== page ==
Ferguson is now a class apart
FAILURE is not a word that comes easily to Sir Alex Ferguson.
In the lead up to the historic first all-English Champions League final against Chelsea in Moscow, he repeated the following phrase: "Time and time again I have said this club should have had more success in Europe."
He was right. The one blot on Ferguson's record in 22 years at Old Trafford was that he reached the Champions Cup final just once in 1999, albeit lifting the trophy in Barcelona against Bayern Munich after arguably the most thrilling finale in football history.
That matched the feat of Sir Matt Busby, who guided United to triumph against Benfica in 1968.
But two wins, when Real Madrid can boast nine, AC Milan seven and Liverpool five was a poor return for a club of United's standing.
Ferguson now has the second Champions League title of his career. It is unlikely he will want to stop there.
The fire still burns inside Ferguson, even though he has so many major trophies to his name at Old Trafford.
It is another reason why, love him or hate him – and few sit on the fence when it comes to Ferguson – the man demands respect.
The drive he still provides at 66 is akin to a force of nature.
Indeed, it is difficult to see how United could have gained and maintained their current dominance without the passion and application of the man who must surely be the greatest football manager Britain has ever seen.
Bill Shankly was a great innovator. Bob Paisley protected the Shankly legacy with pride and copious trophies, including three European Cups.
Jock Stein was a monumental force at Celtic, Brian Clough perhaps the most naturally-gifted motivator the game has seen, while in the modern day Arsne Wenger and Jose Mourinho have made their mark.
But when gauging the two greatest managers in English football, then surely it comes down to two Scots bewitched by the lure of Europe.
One in Busby, hewn from a mining community. Another in Ferguson, with family values forged in the harsh environment of the Govan shipyards. Tough, uncompromising characters.
Yet while Busby was the pioneer with the courage to defy the FA and take United into Europe, and while so much of United's history is entwined in his leadership, for sheer consistency and burning desire Ferguson surely now has the edge in a sport that ultimately comes down to silverware.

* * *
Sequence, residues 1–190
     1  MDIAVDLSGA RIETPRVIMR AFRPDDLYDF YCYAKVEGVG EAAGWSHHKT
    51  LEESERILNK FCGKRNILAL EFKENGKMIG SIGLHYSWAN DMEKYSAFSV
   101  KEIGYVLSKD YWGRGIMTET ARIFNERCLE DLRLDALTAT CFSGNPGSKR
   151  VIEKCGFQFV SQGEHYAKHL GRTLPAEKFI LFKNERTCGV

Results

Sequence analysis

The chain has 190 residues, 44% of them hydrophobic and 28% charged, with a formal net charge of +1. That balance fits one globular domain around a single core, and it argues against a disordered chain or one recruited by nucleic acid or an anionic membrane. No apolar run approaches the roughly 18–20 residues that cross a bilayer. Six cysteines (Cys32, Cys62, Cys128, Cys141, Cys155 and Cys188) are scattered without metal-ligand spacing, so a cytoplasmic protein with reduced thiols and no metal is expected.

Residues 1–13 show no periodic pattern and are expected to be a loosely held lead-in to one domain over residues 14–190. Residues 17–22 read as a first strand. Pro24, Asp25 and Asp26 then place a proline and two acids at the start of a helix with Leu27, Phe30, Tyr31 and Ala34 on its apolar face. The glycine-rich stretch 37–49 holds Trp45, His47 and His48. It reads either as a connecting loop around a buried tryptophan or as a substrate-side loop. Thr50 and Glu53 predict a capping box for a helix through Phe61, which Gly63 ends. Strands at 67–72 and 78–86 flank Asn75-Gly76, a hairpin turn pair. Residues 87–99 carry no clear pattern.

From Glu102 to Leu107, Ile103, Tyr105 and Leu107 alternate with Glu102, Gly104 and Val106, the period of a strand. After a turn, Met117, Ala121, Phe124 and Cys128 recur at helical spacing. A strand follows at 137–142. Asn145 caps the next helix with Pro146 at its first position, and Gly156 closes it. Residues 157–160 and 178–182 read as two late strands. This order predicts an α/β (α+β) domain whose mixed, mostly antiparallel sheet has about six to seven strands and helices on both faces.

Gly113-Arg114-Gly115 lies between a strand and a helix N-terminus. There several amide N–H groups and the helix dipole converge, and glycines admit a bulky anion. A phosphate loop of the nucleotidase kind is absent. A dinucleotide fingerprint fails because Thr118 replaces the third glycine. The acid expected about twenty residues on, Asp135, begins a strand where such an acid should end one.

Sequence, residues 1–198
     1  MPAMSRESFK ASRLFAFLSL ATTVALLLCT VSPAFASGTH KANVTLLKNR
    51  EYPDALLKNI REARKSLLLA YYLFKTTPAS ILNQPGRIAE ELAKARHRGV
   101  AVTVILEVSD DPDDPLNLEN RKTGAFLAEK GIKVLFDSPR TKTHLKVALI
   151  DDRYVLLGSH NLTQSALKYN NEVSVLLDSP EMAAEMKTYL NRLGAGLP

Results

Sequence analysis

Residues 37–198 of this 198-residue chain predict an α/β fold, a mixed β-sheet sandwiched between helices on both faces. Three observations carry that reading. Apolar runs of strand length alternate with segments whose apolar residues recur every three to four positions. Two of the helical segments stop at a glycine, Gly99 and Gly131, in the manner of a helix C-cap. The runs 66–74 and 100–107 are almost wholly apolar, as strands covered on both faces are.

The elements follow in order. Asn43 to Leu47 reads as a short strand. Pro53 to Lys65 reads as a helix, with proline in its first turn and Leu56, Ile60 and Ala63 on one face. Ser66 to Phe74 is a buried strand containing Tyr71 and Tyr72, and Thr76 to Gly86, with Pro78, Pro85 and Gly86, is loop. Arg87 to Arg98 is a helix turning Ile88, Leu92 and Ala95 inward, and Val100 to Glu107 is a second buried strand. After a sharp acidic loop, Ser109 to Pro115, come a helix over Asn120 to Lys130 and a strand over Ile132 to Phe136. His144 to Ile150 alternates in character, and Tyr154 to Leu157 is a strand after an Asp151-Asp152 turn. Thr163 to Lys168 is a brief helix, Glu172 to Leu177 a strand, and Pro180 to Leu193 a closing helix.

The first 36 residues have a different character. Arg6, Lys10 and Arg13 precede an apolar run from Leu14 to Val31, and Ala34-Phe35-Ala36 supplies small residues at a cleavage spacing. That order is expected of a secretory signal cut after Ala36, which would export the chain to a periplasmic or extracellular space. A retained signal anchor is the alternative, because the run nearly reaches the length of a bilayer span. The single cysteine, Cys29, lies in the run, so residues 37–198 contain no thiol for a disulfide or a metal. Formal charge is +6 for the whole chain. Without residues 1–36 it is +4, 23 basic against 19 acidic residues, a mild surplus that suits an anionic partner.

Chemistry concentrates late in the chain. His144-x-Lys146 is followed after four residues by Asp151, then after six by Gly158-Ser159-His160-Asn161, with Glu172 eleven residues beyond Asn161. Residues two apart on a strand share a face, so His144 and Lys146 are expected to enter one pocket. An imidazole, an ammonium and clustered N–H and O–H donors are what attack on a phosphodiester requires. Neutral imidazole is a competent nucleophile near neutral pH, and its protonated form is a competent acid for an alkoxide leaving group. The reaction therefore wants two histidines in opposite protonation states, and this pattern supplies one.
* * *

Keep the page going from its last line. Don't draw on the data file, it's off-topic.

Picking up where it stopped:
How appropriate then that Ferguson's second Champions League final should come in the season United commemorated the 50th anniversary of the Munich air crash.
It was Busby who created the swashbuckling team known as the 'Busby Babes'.
It was Busby who rose from Munich to build another great team that boasted George Best, Dennis Law and Bobby Charlton.
But it is Ferguson who has protected the United tradition of winning with style in a money-obsessed era when so many have resorted to more pragmatic routes.
At times Ferguson's decisions have been difficult to fathom.
He fell out with Jaap Stam, David Beckham, Ruud van Nistelrooy and Roy Keane.
Some of his signings, such as Kleberson, Eric Djemba-Djemba and Juan Sebastian Veron, have raised eyebrows. Some have been positively brilliant, such as Cristiano Ronaldo.
And some players, such as Ryan Giggs, Paul Scholes and Gary Neville, still form the heartbeat of the club they have served for more than 15 years since Ferguson nurtured them as schoolboys in the United academy. Yes, Ferguson can be impatient and irascible. He can be ruthless. He thinks nothing of intimidating referees while criticising others for a lack of respect.
But his contribution has been key in making United one of the richest and most powerful forces in world football.
At an age when some pensioners struggle to find the energy to do much more than sift through the TV listings, Ferguson is as passionate as ever about winning.
The blend of youth and experience in the current United side is such that they could be the dominant force for the best part of the next decade.
Ferguson will not stay that long, but you can guarantee he will be looking for another European trophy before he departs.
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Saturday 25 May 2013
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